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The Importance of Tradition

March 15, 2014

By Mary Beth Wighton

By Mary Beth Wighton, Person with Dementia
Date: 2012-12-14

I love tradition. I come from and am part of a family of traditions. Growing up, holidays were always a time of making the same yummy recipes, putting up the same Christmas tree, visiting the same people, telling the same funny stories, and putting up the same homemade Christmas stockings for Santa to fill.


As I grew older, I took with me many of these traditions and eventually introduced them to my own family. One of my favourite tradition is decorating our Christmas tree. Eight years ago, when we celebrated our first family Christmas together, we began the tradition of going to a local tree farm to buy our Christmas tree.

Now remember, global warming had not affected the weather as much, so we had something called “snow.” The tradition began at the house with the pulling on of big coats, boots, hats, mitts and snow pants. You always hoped you didn't have to go to the washroom! Our two dogs, Leo and Riley, also had a special outfit for the event. Both dogs had their sweaters and Christmas bells put on them. We laughed as they began their dance trying to get the bells off of their legs.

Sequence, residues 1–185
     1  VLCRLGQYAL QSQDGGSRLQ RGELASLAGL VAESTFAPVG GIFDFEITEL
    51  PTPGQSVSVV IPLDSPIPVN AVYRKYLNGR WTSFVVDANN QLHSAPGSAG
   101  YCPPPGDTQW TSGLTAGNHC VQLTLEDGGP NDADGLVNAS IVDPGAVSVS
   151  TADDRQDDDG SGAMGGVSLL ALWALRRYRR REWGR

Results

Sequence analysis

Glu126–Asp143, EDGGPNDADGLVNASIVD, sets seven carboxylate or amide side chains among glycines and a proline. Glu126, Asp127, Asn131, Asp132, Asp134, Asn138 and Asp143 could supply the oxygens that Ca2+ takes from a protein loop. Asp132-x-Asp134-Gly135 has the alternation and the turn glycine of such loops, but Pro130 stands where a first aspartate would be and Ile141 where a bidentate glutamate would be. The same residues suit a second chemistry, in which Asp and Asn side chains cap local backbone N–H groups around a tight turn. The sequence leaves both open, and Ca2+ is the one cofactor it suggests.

We all piled into the van and the Christmas sing-song began. The tree farm was fairly close so in no time we arrived to a very busy scene. People, trees, dogs and snow. What a wonderful, chaotic place! We quickly filed out of the van and rushed to the opening of the farm. This is where I would put Brianna into the sleigh we had brought and began to “mush.” With the dogs prancing beside us, we began to inspect the many trees until finding the perfect one. At a young age, I always encouraged Brianna to be independent. With my assistance, she would lay down on the cold snow and begin to saw the tree trunk. Down it would come with a collective “yeahhhh” from all of us. We always liked to count the rings on the tree to know how old it was. For some reason, this was important.
The tree would then be moved onto the sled to be towed back to the point of entry so we could pay for it. I always loved that walk back. The cold, the snow falling softly, the sounds of the dogs bells, and the excited chatter of my family. I felt at peace.

Once we arrived back, we would proceed into the small building to have hot apple cider. How wonderful it tasted. Brianna would then walk through the isles of Christmas decorations and pick out the one she would like to take home with her. Every year, Brianna still picks out one Christmas ornament to adorn the tree.

The tree would then be strapped to the roof of the van, and we would all pile back into it and head for home. From the roof, it would be moved into the garage for a day so it had time to fall.